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 Register FAQ Search Today's Posts Mark Forums Read 2020-03-21, 21:47 #1 enzocreti   Mar 2018 17×31 Posts Diophantine equation Are there infinitely many solutions to these Diophantine equation 10^n-a^3-b^3=c^2 with n, a, b, c positive integers?   2020-03-21, 21:51 #2 R. Gerbicz   "Robert Gerbicz" Oct 2005 Hungary 17×83 Posts Yes.   2020-03-21, 21:54   #3
enzocreti

Mar 2018

10000011112 Posts Quote:
 Originally Posted by R. Gerbicz Yes.
How to proof it?   2020-03-21, 23:00 #4 VBCurtis   "Curtis" Feb 2005 Riverside, CA 2×3×733 Posts Take an algebra class. Learn how to answer your own questions. Even wikipedia articles would give you sufficient tools to answer your curiosities.   2020-03-22, 04:46   #5
CRGreathouse

Aug 2006

22·1,483 Posts Quote:
 Originally Posted by enzocreti Are there infinitely many solutions to these Diophantine equation 10^n-a^3-b^3=c^2 with n, a, b, c positive integers?
It seems rather difficult to find positive integers n such that there are no positive integers a, b, and c with 10^n = a^3 + b^3 + c^2. n = 5 is an example, but there are no others up to 18.

I don't know of any modular obstructions.   2020-03-22, 08:39   #6
R. Gerbicz

"Robert Gerbicz"
Oct 2005
Hungary

17·83 Posts Quote:
 Originally Posted by CRGreathouse It seems rather difficult to find positive integers n such that there are no positive integers a, b, and c with 10^n = a^3 + b^3 + c^2. n = 5 is an example, but there are no others up to 18. I don't know of any modular obstructions.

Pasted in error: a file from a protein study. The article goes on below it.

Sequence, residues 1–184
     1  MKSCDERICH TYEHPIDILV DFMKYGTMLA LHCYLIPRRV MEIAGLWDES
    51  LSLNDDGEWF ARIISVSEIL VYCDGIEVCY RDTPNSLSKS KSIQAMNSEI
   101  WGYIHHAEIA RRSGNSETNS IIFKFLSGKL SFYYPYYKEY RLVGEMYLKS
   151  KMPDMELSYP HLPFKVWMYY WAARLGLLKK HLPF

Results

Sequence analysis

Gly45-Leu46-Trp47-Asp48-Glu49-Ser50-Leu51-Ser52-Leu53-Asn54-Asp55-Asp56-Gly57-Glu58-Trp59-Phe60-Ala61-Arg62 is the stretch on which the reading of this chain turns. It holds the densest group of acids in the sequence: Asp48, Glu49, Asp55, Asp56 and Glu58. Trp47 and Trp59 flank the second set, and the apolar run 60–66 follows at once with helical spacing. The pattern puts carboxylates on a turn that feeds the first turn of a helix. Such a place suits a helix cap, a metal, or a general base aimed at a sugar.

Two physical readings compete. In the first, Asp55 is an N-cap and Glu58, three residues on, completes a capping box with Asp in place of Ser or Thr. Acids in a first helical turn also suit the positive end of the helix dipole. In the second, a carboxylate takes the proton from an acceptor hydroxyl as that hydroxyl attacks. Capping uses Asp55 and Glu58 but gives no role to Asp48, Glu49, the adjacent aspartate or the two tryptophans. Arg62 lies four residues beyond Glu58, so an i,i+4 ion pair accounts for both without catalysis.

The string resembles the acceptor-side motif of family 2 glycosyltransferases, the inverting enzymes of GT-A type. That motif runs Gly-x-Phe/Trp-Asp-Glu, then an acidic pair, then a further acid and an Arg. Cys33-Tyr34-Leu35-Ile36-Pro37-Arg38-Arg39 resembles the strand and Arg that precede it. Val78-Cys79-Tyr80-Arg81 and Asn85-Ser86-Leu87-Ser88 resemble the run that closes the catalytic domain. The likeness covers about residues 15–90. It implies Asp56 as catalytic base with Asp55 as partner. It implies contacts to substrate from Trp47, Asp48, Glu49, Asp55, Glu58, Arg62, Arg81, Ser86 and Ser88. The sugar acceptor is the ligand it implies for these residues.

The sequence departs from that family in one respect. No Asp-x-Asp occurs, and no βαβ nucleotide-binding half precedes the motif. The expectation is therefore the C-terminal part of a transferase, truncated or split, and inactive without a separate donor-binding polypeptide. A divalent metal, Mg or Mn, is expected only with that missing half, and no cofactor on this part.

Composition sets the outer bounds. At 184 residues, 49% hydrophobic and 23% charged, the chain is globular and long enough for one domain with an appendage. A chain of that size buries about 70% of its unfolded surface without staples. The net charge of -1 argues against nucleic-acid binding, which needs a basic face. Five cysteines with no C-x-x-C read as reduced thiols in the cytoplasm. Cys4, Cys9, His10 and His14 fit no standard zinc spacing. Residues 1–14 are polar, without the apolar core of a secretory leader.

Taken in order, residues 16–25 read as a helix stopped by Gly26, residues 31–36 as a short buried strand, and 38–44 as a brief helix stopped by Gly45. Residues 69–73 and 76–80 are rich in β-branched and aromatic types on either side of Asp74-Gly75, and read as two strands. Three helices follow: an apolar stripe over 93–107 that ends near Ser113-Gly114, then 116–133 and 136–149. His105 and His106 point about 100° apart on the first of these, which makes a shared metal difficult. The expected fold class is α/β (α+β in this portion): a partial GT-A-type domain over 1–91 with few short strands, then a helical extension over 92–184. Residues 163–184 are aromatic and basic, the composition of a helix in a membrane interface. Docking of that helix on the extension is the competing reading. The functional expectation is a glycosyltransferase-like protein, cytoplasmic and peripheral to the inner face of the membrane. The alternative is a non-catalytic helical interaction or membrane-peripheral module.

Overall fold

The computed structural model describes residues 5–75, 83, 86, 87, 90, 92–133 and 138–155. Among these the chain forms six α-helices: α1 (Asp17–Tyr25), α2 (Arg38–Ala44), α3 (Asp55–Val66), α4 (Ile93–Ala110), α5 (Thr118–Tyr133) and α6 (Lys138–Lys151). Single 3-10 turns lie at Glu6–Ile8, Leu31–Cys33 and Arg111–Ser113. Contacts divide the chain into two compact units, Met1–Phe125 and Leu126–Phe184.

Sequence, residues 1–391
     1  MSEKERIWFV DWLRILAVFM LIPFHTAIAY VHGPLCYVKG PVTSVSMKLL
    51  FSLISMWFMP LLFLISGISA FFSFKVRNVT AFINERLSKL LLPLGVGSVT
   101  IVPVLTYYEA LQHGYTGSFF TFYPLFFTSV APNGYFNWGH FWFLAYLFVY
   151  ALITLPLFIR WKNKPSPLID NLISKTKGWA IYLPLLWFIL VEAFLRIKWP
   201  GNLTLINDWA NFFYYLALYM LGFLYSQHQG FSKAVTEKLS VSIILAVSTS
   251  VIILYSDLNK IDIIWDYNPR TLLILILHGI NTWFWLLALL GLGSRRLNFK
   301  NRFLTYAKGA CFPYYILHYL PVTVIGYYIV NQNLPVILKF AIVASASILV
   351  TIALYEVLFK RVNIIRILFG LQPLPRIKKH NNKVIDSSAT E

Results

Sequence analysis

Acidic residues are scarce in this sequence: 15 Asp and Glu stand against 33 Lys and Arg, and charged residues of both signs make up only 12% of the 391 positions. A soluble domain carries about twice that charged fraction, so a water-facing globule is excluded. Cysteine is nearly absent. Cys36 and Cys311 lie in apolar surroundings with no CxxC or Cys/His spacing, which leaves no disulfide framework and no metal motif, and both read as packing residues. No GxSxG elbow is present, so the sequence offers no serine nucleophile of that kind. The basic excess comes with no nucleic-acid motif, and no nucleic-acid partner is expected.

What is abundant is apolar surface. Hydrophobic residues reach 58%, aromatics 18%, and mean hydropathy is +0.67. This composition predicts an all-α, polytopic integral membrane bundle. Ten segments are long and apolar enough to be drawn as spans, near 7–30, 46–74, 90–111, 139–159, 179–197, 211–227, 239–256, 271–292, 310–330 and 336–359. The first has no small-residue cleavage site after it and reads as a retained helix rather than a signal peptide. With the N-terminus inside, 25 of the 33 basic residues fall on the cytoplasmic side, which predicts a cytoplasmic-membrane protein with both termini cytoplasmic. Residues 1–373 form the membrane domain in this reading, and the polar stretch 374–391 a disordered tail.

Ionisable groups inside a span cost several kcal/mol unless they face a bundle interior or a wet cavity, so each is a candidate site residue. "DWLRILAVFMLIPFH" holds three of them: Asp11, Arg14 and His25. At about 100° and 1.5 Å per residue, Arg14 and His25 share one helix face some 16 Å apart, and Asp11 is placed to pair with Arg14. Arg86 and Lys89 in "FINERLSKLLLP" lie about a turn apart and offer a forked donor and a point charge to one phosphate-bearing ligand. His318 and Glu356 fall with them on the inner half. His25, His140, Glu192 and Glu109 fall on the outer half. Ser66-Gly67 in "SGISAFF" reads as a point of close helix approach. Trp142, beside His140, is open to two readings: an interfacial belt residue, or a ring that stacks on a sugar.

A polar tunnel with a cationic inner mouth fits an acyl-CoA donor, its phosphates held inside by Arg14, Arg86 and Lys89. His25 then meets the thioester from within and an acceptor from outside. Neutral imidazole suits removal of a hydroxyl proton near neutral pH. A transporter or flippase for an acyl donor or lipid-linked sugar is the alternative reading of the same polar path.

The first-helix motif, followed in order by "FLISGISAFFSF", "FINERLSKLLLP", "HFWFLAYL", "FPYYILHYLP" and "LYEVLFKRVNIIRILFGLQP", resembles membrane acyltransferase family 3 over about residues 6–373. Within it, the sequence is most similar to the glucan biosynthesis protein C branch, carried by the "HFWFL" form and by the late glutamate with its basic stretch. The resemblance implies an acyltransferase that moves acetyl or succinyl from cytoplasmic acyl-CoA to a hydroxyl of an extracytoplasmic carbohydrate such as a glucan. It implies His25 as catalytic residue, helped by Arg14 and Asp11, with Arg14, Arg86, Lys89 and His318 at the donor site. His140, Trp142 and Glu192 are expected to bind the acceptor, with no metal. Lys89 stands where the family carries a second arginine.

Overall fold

Multiple the equation by 10^(6*k), since it is cube and square if there is a solution for n=N, then there is a solution for N+6*k.   2020-03-23, 03:03   #7
CRGreathouse

Aug 2006

22·1,483 Posts Quote:
 Originally Posted by R. Gerbicz Multiple the equation by 10^(6*k), since it is cube and square if there is a solution for n=N, then there is a solution for N+6*k.
Ah! of course. So it suffices to show
10^1 = 1^3 + 2^3 + 1^2
10^2 = 3^3 + 4^3 + 3^2
10^3 = 6^3 + 7^3 + 21^2
10^4 = 4^3 + 15^3 + 81^2
10^6 = 7^3 + 26^3 + 991^2
10^11 = 234^3 + 418^3 + 316092^2
and then we know that all powers of 10, other than 10^5, are expressible as the sum of two positive cubes and a positive square.  Thread Tools Show Printable Version Email this Page Similar Threads Thread Thread Starter Forum Replies Last Post Nick Number Theory Discussion Group 2 2016-12-18 14:49 flouran Math 7 2009-12-12 18:48 grandpascorpion Math 11 2009-09-23 03:30 Batalov Puzzles 3 2009-04-10 11:32 philmoore Puzzles 8 2008-05-19 14:17

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